I won’t ban mitumba clothes, says Raila Odinga

Azimio la Umoja Coalition candidate Raila Odinga at the Kenya National Chambers of Commerce and Industry national governing meeting held at the Hilton Hotel in Nairobi.

Photo credit: Emmanuel Wanson | Nation Media Group

Azimio la Umoja One Kenya Coalition Party presidential candidate Raila Odinga has denied claims that he will ban the importation of second-hand clothes, popularly known as mitumba, if elected on August 9.

Seeking to fight back criticism from opponents who accused him of insensitivity over remarks he made on Monday night dismissing mitumba as “clothes from dead people”, Mr Odinga said he will protect the traders by ensuring that they get the first opportunity to market locally made clothes.

His statement followed a sustained backlash from his opponents in Deputy President William Ruto’s camp over the comments he made during the launch of his manifesto, which champions revival of the local textile industry.

“Our people are only wearing clothes coming from outside the country which have been worn by people who are dead. We are going to go to primary production so that our people who are importing mitumba can have good products to sell here,” Mr Odinga said during the launch at the Nyanyo National Stadium.

No job losses

Mr Odinga had, however, indicated that his proposal would not affect mitumba traders through any job losses.

Reiterating his plans to promote Kenya’s textile industry yesterday, Mr Odinga said he appreciated that the mitumba trade is popular globally and supports the livelihoods of many small-scale traders.

“We are going to go into primary production as we also promote other products. We are going to grow cotton, we do the ginning, the spinning, the weaving until we end up with fabrics.Then we can embark on secondary manufacturing of dresses, suits and so on,” he told members of the Kenya National Chamber of Commerce and Industry (KNCCI) at the Hilton Hotel in Nairobi.

Mr Odinga explained that, through promotion of local textile manufacturing, traders would access a local version of mitumba — factory rejects.

“Trade in factory rejects is big business in Europe. This is done everywhere; factory rejects are not useless,” he said.

“So when I was talking about mitumba yesterday, I did not say that I’m going to kill the mitumba business. No. We’ll promote it because that’s where production starts,” he added.

Defend mitumba traders

Mr Odinga said he would defend mitumba traders, while dismissing as propaganda statements from his political opponents that he will kill the popular business if elected.

“Mitumba trade is not a dead-end business. It’s actually creating employment for so many of our people. We don’t want to kill it. I’m the one who will be defending them so [it is wrong for some] people ... to create propaganda [that I will ban the trade]. No,” he said.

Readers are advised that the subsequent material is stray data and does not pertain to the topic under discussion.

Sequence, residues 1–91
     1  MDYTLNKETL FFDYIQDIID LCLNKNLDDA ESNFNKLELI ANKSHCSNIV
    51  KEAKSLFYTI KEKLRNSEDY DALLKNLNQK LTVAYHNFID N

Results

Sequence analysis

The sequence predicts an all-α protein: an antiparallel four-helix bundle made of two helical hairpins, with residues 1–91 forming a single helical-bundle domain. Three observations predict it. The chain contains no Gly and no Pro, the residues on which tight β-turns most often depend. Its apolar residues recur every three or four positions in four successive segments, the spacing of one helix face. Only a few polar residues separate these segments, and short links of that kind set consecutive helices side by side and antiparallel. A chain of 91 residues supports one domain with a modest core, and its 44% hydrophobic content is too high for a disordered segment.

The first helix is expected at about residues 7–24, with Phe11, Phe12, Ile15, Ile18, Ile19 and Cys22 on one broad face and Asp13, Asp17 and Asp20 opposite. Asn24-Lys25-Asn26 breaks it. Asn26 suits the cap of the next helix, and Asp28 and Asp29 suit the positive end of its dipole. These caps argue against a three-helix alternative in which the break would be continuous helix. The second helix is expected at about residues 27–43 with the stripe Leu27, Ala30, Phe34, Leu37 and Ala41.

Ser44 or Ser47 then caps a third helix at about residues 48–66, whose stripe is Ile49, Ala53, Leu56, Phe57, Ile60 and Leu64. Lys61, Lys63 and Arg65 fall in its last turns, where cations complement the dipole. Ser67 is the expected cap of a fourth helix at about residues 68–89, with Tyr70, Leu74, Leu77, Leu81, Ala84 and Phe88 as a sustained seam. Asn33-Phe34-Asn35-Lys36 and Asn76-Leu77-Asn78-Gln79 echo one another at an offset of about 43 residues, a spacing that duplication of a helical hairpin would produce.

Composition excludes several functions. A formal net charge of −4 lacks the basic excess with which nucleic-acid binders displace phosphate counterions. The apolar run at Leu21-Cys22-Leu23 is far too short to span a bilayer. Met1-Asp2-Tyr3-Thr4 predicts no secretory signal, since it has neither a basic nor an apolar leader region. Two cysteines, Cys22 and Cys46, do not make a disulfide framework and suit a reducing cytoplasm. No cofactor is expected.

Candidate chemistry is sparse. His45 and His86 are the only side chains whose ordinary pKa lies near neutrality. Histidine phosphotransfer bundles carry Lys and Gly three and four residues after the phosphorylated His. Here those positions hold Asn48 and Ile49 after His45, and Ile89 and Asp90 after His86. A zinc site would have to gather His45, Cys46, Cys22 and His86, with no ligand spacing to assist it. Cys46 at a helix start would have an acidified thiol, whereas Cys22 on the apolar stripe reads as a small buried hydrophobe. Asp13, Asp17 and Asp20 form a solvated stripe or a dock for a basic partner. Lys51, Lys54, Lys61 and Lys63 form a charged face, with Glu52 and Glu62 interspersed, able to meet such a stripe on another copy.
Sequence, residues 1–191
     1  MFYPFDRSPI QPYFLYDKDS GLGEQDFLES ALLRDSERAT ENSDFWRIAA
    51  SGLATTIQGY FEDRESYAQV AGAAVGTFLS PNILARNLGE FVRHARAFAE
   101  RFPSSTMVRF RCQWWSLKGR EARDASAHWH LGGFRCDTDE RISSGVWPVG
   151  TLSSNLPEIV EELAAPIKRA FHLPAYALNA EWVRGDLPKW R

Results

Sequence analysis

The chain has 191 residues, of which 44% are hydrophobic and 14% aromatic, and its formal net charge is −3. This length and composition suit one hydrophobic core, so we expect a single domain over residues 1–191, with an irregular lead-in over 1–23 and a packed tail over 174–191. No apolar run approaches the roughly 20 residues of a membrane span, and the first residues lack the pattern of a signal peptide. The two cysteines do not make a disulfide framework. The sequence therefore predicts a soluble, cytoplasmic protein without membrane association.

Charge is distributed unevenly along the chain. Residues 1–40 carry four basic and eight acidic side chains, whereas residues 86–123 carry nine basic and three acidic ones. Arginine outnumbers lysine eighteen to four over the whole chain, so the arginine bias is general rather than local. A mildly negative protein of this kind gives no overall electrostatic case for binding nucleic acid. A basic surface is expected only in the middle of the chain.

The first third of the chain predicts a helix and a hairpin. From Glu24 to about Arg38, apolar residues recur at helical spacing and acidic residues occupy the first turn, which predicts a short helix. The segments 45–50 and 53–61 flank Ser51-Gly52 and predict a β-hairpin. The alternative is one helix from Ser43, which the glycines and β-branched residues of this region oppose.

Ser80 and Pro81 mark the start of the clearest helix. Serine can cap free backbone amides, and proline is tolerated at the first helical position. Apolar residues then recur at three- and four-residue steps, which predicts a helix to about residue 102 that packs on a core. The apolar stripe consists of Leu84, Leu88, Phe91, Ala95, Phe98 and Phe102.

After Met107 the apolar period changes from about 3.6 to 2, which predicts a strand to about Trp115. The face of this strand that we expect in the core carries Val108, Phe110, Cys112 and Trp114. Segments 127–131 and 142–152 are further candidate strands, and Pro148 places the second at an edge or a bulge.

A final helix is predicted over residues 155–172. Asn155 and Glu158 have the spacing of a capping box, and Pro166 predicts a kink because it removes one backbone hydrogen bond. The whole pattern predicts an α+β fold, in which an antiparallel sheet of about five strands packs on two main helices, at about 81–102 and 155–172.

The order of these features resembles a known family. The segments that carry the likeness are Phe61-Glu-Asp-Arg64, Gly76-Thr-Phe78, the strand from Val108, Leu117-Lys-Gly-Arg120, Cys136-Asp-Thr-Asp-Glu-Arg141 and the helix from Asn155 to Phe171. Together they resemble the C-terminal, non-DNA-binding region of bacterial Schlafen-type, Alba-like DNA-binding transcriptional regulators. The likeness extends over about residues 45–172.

“We are not kicking anybody out of business. We’ll ensure that those who are importing mitumba get to be first in the line to get textile goods, which are going to be manufactured here in the country,” he said on Monday.

“Our textile industry was killed through liberalisation when they brought mitumba and it killed all our textile industries … We are going to go into primary production so that our people who are importing mitumba can have good products to sell here,” he said when he launched his manifesto.

Kenya’s mitumba business is often highly politicised due to its sheer magnitude, supporting thousands of traders and millions of consumers who prefer second-hand clothes for their relative affordability.

Sensitive about price

A study by the Institute of Economic Affairs (IEA) on the state of second-hand clothes and footwear trade in Kenya showed the magnitude of the business in the country, observing that due to people’s low incomes, Kenya’s tend to be sensitive about the price of what they wear.

“Analysis at the household level shows the majority of households buy new clothes when required such as school or workplace uniforms ... 91.5 per cent of households buy second-hand clothes worth Sh1,000 and below, and 8.5 per cent buy second-hand clothes worth Sh1,000 and above,” it stated, showing that even while buying new clothes, three-quarters of Kenyans go for those priced below Sh1,000. Kenya last year imported Sh18.9 billion worth of second-hand clothes, Sh12.2 billion worth in 2020 and Sh17.7 billion worth in 2019.

“Kenya imported 185,000 tonnes of second-hand clothing in 2019, equivalent to an approximate 8,000 containers. The taxes paid amounted to Sh12 billion. The sector contributes to at least Sh1 billion in revenue per month. Apart from revenue for the government, they offer livelihoods to almost two million people,” the IEA study said.